and his bashful first rendition of the first bars of “Octopus’s Garden” on Get Back, which I binged furiously this past week along with much of America.
Maybe it was My Octopus Teacher, a loving and fascinating documentary about a man searching for answers under the sea. Or perhaps it was the holiday email from a brother-in-law, a paean to the tragic but heroic nature of deer-hunting, in which killing a doe could be forgiven if the shooter pets the sentient animal and says I’m sorry as the light fades from her eyes. In any case, the seared octopus (with heirloom beans) on the menu at Eventide in downtown Portland had much less appeal than it would ordinarily offer, especially with a bounteous oyster bar.and a master shucker from somewhere out of Moby Dick, a Maine Queequeg between voyages out of Bar Harbor. No facial tattoos, unfortunately.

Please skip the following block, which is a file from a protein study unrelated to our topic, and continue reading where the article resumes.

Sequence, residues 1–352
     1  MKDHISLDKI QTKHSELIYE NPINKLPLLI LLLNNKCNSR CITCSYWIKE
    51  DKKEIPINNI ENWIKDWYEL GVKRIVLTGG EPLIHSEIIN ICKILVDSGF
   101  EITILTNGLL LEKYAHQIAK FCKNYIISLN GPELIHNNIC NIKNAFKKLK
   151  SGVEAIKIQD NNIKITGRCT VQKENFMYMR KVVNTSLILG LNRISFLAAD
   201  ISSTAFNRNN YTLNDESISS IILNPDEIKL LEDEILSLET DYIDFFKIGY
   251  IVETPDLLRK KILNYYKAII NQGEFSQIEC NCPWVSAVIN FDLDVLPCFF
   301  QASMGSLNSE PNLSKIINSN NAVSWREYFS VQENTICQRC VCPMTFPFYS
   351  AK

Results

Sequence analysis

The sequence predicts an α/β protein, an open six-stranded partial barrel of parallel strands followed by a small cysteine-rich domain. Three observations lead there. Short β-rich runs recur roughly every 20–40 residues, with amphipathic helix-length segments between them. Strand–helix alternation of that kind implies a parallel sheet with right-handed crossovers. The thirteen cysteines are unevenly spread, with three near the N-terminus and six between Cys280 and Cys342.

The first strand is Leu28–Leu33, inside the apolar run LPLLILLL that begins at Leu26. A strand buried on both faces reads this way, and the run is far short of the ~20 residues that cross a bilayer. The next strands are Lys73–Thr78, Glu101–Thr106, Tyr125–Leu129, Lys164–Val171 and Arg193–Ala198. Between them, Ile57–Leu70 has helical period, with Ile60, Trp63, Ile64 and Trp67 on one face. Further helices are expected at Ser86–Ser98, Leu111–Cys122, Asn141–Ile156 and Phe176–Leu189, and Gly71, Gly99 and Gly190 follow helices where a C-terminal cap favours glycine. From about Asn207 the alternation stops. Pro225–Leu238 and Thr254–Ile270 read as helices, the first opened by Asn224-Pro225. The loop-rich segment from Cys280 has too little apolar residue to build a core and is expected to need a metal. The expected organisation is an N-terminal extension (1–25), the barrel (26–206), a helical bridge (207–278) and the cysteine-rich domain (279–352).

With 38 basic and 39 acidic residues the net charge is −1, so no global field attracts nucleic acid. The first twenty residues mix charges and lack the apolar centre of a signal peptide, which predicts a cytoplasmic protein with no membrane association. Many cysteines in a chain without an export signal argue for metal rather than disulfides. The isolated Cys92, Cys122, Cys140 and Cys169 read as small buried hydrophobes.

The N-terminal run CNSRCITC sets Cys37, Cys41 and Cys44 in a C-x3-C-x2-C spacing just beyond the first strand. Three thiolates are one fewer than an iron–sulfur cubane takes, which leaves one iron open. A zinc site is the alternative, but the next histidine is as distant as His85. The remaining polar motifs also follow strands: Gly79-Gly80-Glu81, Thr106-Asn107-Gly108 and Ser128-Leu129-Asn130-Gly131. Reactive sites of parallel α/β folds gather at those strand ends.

We were there at the wrong time of day. We were the wrong generation. And we eschewed the probably salubrious alcoholic cocktails. We nonetheless pulled up to the bumper.
A dozen assorted briny oysters (they may also be sentient – in any case they quiver when first shucked and squirted with lemon) came on ice and accompanied by a guide to each one’s provenance.
The man and woman beside us at the bar each had a dozen, and seemed to be having some kind of romantic first date duel as to how much seafood they would consume with their drinks. On the other side, another lost soul escaping New York carefully placed her spent shells upside down.
Oysters do generate love.
We dutifully overturned our shells and downed the chowder and smoked whitefish.
Is whitefish sentient? Did Queequeg pet it and say he was sorry before setting it beside the pickled saffron cauliflower? Was it properly honored. I’d like to know, because I think it’s speaking to me through the receptors in my stomach.